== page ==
Media were prepared as previously described (55). 5-Fluoroorotic acid (5-FOA) medium was prepared as described previously (9) by using 625 μg of 5-FOA/ml and replacing uracil with 100 μg of uridine/ml. Rapamycin and its analogs (Abbott Labs) were added to media or disks from stock solutions in 90% ethanol–10% Tween 20. Strains used are listed in Table Table1.1.
The RBP1 disruption plasmids pAG70 and pAG71 contain the CaURA3MX3 (30) disruption cassette replacing nucleotides (nt) 40 to 189 of the RBP1 open reading frame (ORF). These plasmids are identical except that the CaURA3MX3 cassettes are in an opposite orientation. The RBP1 disruption plasmids were constructed in three steps. First, the genomic RBP1 locus and ~900 bp of flanking sequence was PCR amplified from the uracil auxotrophic strain YJM126 and subcloned into pGEM-T Easy (Promega), resulting in plasmid pAG54. Next, the NotI insert was subcloned into the NotI site of the yeast-E. coli shuttle vector pRS314 (CEN ARS TRP1 ), resulting in plasmid pAG67. Finally, the CaURA3MX3 disruption cassette was subcloned into plasmid pAG67 by in vivo PCR-directed recombination.
The primers used were as follows: JM37, CCTCGACATCATCTGCCC; PR80, CAAGGAGTCAACCACCACTAAG; PR83, TCTGAGTCTGGGTGTGGGTC; PR92, CAGCACTGGAAGGTATGAGTG; PR103, ATGTCTG AAGAACTTCCACAAATTGAAATTGTTCAAGAAGCAGCTGAAGCTTC GTACGC; PR104, GCACCACCTTTACCATAATTGTTAGTTAAAGAAATATGCATAGGCCACTAGTGGATCTG; PR130, ATGTCTGAAGAACTT CCACAAATTGAAATTGTTCAAGGCATAGGCCACTAGTGGATCTG; PR131, TTAGCACCACCTTTACCATAATTGTTAGTTAAAGAAATATCAGCTGAAGCTTCGTACGC; JOHE2920, GTACGAGAATTCATGTCTGAAGAACTTCCACAA; JOHE2921, GCAACGGGATCCTTATTGACCATTAACACCAAG; JOHE6244, TTTATGGCACGAACAATGGCACGATGCTTTGG AAGATGCTAGCAGGTTTTTCTTTGGTGAACACAACACAGAAAAGAT GTTT; JOHE6245, TTTATGGCACGAACAATGGCACGATGCTTTGGAA GATGCTCGCAGGTTTTTCTTTGGTGAACACAACACAGAAAAGATGT TT; JOHE6246, TTTATGGCACGAACAATGGCACGATGCTTTGGAAGA TGCTATCAGGTTTTTCTTTGGTGAACACAACACAGAAAAGATGTTT; JOHE6247, GGCAAGGTGTTTCTTGAAGC; and JOHE6248, TACTTCTTGATTCGCGATAGC.
The RBP1 ORF and ~900 nt of flanking genomic DNA was PCR amplified by using primers PR80 and PR83. The 50-μl reaction consisted of 10 mM KCl, 10 mM (NH4)2SO4, 20 mM Tris-HCl (pH 8.8), 2 mM MgSO4, 0.1% Triton X-100, 100 μg of genomic DNA, 0.5 μM PR80, 0.5 μM PR83, 0.2 mM concentrations of each deoxynucleoside triphosphate (dNTP), and 0.5 U of Vent polymerase (New England Biolabs). DNA amplification was initiated with a 4-min denaturation at 94°C followed by 30 amplification cycles (94°C for 1 min, 55°C for 15 s, and 72°C for 3 min) and was terminated with a 7-min 72°C extension.
The CaURA3MX3 cassettes were PCR amplified for in vivo PCR-directed recombination by using the primer pairs PR103-PR104 (for the forward orientation of the disruption cassette) and PR130-PR131 (for the reverse orientation). These primers amplify the CaURA3MX3 cassette (from plasmid pAG61 ) by adding 5′-terminal extensions homologous to nt 1 to 39 (PR103 and PR131) and 190 to 226 (PR102 and PR130) of the RBP1 ORF. Each 100-μl reaction consisted of 50 mM KCl, 10 mM Tris-HCl (pH 8.3), 1.1 mM MgCl2, 0.1% gelatin, 100 ng of pAG61, 0.5 μM concentrations of each primer, 0.2 μM concentrations of each dNTP, and 2.5 U of REDTAQ DNA Polymerase (Sigma). DNA amplification was initiated with a 3-min 94°C denaturation followed by 30 cycles (94°C for 30 s, 55°C for 10 s, and 72°C for 3 min) and was terminated with a 7-min 72°C extension.
The gene disruption cassettes from plasmids pAG70 and pAG71 were PCR amplified as described for the RBP1 locus except that the denaturation time was reduced to 1 min. To disrupt the first RBP1 ORF, the ~3.5-kb PCR product was transformed into C. albicans CAI4 (27) by electroporation (60). Prototrophic transformants were selected on minimal medium (synthetic dextrose [SD]). Homologous disruptants were verified by colony PCR (45) using primers PR92 and JM37 and Southern blotting. A resulting rbp1::CaURA3MX3F/RBP1 strain, YAG116, was chosen.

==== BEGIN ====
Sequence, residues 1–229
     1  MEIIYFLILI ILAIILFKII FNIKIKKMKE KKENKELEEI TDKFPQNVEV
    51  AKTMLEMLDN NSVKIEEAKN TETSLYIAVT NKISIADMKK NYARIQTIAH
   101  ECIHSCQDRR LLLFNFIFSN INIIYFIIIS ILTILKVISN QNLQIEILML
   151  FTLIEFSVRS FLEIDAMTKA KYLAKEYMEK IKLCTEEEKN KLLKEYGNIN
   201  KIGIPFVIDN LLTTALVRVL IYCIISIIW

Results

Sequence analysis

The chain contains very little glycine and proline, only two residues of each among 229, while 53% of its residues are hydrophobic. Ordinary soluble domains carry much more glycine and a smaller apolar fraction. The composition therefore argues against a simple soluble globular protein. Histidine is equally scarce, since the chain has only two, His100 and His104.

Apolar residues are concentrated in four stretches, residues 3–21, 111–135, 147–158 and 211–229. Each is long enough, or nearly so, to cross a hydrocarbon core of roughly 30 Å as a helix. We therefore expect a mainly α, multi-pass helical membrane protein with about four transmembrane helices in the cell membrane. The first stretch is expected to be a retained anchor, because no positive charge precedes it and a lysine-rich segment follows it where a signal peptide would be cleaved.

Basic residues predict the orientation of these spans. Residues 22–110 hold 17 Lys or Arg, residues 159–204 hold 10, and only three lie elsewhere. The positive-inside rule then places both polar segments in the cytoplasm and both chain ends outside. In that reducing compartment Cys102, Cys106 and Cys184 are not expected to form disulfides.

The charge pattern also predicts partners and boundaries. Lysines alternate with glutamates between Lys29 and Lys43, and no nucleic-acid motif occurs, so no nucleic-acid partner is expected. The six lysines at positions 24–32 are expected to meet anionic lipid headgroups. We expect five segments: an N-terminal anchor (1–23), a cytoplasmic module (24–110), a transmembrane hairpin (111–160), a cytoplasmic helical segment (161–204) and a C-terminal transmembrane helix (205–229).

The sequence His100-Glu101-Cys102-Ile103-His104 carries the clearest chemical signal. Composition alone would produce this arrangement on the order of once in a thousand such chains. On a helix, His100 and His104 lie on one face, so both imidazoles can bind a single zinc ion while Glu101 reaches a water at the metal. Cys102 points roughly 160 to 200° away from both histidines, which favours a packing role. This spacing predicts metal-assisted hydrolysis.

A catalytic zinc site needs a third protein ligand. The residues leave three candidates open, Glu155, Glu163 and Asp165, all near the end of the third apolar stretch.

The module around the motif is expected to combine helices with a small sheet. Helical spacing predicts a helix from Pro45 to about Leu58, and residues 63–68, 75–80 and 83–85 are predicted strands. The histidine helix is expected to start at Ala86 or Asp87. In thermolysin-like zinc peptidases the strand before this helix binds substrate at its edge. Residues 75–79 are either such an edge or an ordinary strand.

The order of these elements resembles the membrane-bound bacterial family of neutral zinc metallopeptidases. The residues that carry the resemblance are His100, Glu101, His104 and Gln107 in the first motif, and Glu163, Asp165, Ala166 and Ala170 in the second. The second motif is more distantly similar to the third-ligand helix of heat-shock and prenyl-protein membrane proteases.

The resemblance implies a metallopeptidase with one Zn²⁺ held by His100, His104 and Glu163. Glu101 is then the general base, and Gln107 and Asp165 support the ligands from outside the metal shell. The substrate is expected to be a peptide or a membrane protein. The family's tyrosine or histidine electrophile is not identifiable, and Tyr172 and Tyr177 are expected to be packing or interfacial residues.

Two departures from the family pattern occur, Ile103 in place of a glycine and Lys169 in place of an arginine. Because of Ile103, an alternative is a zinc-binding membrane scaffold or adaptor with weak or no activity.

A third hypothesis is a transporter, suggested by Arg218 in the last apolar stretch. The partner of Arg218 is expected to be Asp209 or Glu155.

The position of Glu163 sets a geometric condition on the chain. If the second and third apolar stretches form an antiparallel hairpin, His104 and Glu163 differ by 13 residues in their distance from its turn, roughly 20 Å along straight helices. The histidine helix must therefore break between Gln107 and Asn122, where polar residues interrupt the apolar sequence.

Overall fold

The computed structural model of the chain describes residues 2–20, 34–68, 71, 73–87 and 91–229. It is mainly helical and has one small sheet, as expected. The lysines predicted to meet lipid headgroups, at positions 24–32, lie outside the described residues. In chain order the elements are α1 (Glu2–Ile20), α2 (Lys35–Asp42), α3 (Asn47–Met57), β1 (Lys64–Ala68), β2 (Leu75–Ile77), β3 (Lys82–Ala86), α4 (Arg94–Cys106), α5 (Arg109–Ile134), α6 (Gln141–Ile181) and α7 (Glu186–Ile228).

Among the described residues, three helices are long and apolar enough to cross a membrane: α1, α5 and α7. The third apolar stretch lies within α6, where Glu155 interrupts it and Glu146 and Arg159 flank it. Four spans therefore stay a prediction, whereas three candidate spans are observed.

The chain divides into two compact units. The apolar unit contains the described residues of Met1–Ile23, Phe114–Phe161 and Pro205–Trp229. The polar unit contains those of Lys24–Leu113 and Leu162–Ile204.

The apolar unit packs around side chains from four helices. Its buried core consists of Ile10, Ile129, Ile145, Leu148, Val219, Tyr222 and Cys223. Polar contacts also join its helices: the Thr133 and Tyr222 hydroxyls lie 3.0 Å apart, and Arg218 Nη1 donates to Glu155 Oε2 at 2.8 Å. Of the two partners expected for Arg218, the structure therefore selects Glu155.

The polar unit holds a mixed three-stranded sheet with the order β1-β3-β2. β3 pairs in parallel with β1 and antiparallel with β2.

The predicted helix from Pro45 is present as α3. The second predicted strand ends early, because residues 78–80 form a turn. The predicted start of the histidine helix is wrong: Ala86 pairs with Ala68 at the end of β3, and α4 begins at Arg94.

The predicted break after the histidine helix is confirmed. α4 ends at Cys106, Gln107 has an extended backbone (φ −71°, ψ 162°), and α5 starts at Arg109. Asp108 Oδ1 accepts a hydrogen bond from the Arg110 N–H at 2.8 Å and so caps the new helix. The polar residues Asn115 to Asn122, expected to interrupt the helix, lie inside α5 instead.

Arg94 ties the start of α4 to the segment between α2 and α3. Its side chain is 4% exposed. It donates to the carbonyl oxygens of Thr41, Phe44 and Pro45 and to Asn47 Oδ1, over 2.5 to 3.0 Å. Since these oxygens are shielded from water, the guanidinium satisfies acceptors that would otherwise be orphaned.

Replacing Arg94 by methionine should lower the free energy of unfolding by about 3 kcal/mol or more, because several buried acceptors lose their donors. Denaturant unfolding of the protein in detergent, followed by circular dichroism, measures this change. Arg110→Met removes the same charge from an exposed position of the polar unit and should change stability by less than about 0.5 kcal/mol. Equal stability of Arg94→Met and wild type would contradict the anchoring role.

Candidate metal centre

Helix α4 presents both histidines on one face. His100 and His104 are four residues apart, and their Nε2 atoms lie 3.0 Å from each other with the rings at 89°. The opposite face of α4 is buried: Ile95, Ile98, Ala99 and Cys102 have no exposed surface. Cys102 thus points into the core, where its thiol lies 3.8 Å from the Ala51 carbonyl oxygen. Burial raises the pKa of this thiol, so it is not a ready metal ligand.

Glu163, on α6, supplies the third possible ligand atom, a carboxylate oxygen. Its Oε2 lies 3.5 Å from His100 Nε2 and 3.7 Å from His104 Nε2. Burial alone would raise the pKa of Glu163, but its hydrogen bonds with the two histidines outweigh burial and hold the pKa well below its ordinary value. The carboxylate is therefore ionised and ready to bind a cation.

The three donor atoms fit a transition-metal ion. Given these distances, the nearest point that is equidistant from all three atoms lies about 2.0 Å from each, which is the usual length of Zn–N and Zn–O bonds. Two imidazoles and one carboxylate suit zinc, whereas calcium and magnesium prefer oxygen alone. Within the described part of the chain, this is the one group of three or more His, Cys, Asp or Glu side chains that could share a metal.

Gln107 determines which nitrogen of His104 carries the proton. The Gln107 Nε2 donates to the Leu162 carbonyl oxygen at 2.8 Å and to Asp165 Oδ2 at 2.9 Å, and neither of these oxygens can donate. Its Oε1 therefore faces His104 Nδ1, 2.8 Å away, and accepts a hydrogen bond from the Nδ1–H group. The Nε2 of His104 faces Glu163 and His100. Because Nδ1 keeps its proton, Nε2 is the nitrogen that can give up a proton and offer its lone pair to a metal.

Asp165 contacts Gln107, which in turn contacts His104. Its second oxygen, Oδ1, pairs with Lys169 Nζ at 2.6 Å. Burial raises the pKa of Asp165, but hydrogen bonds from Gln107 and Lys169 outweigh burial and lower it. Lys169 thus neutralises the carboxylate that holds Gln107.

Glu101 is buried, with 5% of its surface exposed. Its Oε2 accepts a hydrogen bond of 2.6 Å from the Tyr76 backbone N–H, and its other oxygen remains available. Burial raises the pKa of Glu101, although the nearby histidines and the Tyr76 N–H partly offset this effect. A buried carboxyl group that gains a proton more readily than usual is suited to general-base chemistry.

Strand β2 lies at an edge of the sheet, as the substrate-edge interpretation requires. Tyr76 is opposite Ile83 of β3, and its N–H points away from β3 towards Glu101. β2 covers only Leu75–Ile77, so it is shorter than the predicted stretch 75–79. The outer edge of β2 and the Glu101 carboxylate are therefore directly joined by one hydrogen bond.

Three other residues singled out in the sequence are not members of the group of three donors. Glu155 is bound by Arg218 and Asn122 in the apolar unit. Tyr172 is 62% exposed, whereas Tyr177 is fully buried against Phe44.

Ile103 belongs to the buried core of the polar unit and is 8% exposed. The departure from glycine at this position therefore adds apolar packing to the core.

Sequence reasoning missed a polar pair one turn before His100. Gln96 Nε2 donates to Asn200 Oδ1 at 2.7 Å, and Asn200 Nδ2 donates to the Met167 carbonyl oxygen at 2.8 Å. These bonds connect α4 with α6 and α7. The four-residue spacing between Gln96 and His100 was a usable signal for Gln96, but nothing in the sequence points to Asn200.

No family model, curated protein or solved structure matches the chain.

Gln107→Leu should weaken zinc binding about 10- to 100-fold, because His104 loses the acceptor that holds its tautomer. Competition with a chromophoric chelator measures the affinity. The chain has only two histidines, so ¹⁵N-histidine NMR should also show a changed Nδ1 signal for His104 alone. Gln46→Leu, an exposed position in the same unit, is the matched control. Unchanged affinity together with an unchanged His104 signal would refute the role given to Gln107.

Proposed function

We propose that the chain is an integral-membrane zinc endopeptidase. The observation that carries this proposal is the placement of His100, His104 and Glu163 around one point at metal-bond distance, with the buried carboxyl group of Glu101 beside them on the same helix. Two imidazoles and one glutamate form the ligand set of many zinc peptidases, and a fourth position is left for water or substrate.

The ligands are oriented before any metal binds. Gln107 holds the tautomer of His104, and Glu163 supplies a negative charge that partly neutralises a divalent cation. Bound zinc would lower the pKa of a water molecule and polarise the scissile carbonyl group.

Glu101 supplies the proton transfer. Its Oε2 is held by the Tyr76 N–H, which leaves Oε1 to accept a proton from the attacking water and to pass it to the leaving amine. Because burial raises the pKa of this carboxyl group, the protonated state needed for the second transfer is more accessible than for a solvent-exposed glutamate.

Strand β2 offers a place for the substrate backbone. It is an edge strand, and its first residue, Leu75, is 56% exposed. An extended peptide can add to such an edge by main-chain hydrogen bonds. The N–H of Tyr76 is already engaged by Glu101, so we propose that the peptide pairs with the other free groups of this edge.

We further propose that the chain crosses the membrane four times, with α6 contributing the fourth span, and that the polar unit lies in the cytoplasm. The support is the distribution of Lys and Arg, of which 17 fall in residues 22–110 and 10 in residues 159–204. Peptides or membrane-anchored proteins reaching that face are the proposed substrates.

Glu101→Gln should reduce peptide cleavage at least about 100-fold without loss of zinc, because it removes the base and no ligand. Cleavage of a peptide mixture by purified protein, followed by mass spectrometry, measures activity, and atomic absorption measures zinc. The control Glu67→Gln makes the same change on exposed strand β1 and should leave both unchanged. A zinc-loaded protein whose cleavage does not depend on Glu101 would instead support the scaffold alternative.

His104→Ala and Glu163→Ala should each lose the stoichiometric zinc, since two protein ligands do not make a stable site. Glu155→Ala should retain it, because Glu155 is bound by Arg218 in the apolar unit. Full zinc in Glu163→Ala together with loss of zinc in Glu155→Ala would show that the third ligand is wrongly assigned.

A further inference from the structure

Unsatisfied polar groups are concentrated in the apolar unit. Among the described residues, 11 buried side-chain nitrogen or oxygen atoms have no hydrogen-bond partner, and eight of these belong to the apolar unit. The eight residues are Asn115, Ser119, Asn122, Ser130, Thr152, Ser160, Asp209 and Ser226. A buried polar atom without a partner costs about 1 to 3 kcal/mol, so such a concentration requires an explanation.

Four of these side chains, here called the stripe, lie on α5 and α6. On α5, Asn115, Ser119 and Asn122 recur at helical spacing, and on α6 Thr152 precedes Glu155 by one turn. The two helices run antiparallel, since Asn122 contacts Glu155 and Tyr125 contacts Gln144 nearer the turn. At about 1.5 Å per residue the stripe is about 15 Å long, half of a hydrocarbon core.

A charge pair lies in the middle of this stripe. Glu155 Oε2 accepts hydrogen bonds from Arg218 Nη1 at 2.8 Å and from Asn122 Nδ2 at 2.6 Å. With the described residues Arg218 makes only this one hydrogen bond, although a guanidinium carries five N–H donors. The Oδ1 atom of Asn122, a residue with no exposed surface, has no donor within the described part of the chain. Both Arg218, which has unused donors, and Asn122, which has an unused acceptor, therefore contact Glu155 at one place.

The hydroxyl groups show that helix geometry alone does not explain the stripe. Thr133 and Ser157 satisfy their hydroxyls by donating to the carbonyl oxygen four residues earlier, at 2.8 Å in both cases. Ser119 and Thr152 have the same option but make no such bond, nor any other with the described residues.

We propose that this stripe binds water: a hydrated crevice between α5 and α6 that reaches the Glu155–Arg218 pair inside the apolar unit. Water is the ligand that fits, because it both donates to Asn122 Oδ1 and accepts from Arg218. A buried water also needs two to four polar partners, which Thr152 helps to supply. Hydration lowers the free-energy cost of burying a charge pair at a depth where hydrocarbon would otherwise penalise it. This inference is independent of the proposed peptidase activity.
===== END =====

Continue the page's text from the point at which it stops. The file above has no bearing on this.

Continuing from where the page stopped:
To select for loss of the CaURA3F ORF in strain YAG116, these cells were grown overnight in rich medium plus uridine, ~105 cells were plated on 5-FOA medium, and 5-FOA-resistant cells were assayed by Southern blotting and colony PCR with primers PR80 and PR92 to verify the loss of the CaURA3 ORF. A resulting rbp1::MX3/RBP1 strain, YAG134, was used for a second round of gene disruption using the RBP1 disruption construct from plasmid pAG71. As above, homologous disruptants were verified by colony PCR with primers PR80 and JM37 and Southern blotting. Strain YAG171 was shown to have the genotype rbp1::MX3/rbp1::CaURA3MX3R (Fig. (Fig.1B1B and C)
C. albicans TOR1-1 and also TOR1-2 mutant strains (JRB12 and JRB21) were created by transformation of strain SC5314 or BWP17 with 81-mer oligonucleotides designed to carry the wild-type TOR1 sequence or a single base pair change (A→C or G→T) in the Tor1 FRB domain which result in single amino acid substitutions (S→R or S→I) and also disrupt an NheI restriction site. The wild-type partial sequence of C. albicans Tor1 was found in the Genome Project at Stanford University. Transformants were selected on yeast extract-peptone-dextrose (YPD) plates containing 0.1 μg of rapamycin/ml. Multiple resistant isolates were obtained with the mutagenic oligonucleotides, whereas none were obtained with the wild-type oligonucleotide. These mutants were not cross-resistant to FK506 plus fluconazole and are therefore not rbp1/rbp1 mutants. Homologous recombination was verified by colony PCR with primers JOHE 6247 and JOHE 6248, followed by digestion of the 1.5-kb PCR product with the restriction enzyme NheI. The presence of a 1.5-kb uncleaved fragment indicated the presence of the mutant TOR1-1 allele. Genomic DNA flanking the TOR1 and TOR1-1 alleles was isolated by PCR from genomic DNA from strain JRB12 and cloned, and restriction digestion with NheI and sequence analysis of multiple clones revealed five wild-type and six mutant alleles of the eleven analyzed. A similar analysis of the wild-type TOR1 strain SC5314 yielded six wild-type and no mutant TOR1 sequences.